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Is it really compassionate to abort ‘for the sake of the baby’?

by | Oct 21, 2016

By Sarah Terzo

3D-printed-unborn-childPatricia Launneborg’s book Abortion: a Positive Decision may be one of the most blatantly pro-abortion books ever written. She champions abortion, describing it in glowing terms, and presents the stories of women who feel their abortions were wonderful.

One thing I noticed as I read through the women’s stories was how many of them justified their abortions, in whole or in part, by saying that they were done for the sake of the preborn baby. These women claim that it is better for a baby to be aborted (i.e., killed) than to be born into a situation where he or she may be unhappy. Whether this argument is a way to justify the abortion to themselves or whether they really believe that their babies are better off dead is hard to say.

Abortion violently kills a baby. Whether the child is torn apart by a suction machine (the most common abortion method), dismembered limb by limb with forceps, or poisoned by drugs, the baby is brutally killed.

I am going to post some quotes from women who had abortions and told their stories in Abortion: a Positive Decision. My goal is not to shame these women, but to the show the faulty reasoning they apply to their abortion decisions.

First, here is a photo of babies aborted at nine weeks, still within the first trimester when most abortions take place. When you read the quotes below, remember this picture. It shows exactly what the women are talking about.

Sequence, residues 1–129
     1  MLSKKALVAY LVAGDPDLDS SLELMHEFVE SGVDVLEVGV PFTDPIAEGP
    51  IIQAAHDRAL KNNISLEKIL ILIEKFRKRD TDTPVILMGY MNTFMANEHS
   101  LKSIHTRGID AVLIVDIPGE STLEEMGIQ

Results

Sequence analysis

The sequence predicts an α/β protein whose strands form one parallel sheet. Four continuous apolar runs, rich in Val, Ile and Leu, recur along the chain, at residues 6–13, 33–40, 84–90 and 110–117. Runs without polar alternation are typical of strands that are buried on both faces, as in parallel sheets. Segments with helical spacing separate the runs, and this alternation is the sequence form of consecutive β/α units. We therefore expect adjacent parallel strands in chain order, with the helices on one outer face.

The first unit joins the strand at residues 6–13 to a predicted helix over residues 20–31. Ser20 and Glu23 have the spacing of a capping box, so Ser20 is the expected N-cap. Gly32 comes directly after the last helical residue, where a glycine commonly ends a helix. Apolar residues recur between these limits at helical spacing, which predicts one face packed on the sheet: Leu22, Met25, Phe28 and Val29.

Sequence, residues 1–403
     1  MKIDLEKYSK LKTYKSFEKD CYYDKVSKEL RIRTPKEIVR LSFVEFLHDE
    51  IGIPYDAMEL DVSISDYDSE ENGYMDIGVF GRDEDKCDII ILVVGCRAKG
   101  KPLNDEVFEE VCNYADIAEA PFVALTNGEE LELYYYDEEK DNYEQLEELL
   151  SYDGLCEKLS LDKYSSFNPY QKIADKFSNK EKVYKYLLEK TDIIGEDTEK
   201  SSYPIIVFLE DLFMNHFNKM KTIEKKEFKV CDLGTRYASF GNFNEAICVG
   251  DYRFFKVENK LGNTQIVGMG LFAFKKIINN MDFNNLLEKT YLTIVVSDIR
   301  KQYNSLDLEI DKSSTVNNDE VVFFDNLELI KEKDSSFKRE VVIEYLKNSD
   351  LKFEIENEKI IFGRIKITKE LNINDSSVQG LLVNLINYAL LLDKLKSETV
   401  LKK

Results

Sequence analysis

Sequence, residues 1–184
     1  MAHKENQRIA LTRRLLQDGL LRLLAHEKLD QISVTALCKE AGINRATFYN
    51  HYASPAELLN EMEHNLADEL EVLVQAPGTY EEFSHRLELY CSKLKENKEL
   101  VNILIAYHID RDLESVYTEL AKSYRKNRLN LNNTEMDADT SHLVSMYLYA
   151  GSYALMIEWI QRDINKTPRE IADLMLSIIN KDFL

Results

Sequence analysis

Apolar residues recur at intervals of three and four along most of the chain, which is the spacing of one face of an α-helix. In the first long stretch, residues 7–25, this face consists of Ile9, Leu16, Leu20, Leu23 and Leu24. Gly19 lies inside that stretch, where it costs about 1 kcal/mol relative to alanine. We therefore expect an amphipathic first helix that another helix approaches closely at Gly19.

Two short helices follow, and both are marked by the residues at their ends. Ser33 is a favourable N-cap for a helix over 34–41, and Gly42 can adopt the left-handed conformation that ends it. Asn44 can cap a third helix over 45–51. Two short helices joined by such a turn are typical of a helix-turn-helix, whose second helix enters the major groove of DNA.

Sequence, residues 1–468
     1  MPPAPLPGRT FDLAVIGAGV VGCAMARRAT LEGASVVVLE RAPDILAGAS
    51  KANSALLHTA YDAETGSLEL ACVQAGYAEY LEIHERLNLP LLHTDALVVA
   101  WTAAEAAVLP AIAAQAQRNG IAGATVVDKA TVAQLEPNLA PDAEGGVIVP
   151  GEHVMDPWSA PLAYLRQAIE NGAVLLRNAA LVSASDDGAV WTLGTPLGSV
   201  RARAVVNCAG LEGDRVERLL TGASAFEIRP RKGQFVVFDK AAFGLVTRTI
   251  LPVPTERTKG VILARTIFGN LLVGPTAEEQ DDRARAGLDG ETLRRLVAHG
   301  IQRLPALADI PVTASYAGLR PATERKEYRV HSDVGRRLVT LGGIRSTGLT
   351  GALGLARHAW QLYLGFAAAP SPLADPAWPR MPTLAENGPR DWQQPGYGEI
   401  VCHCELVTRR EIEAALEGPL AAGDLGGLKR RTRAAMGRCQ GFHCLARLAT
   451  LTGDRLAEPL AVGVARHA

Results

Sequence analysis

Emphasis is added in the following quotes.

From one woman who had two abortions (page 63 of book):

We must go on with our heads held high. During the April 89 March for Women’s Lives, I felt real strong, real sure in my beliefs, I felt wonderful. I looked at those anti people and they were missing the point, they were ignorant, they were not as compassionate as we were, as human, they were so blinded… Women have choices in life and women cannot keep bringing children into the world that are going to starve and be a drain on the system …It’s just not fair to the child…. Children are too special.

Children are special – special enough to be killed by abortion if they aren’t wanted.

Another woman said the following (on page 18):

Saying that you must have that child if you happen to get impregnated, saying that you must carry that child to term, and then raise that child for 25 years, is anti-family. In that it doesn’t value the woman as a unique individual, and does not value the child. It’s extremely cruel. It feels like a very cold life, it feels terrible to me.

Is allowing the child to live crueler than tearing her apart in an abortion? Is letting a baby live “cold” and “terrible?” Only in a twisted, sad, pro-choice world.

Another woman who said the following (page 127):

I take it very seriously if I am going to have a child. I want my circumstances to be what was right for the child. I don’t really support people’s decisions to go into it being single parents, because I think it’s a poor choice for the child. I think you have to look at what’s there for the child, know what’s there for me.

Perhaps the “what’s there for me” takes precedence over “a poor choice for the child.”

From a woman who had two illegal abortions (page 129):

I was not ready to be a mother. I was not ready to bring those children into the world. I just didn’t think I could give those children what they needed at the time.… I don’t have the money to support a child properly. In those days, welfare wasn’t even heard of. You couldn’t go to the state and say, I’m pregnant, take care of me. And I was raised to support myself and I wasn’t prepared to have a family without a husband. I didn’t consider myself selfish. I knew I was doing it for this unborn child. I didn’t feel capable of raising a child alone.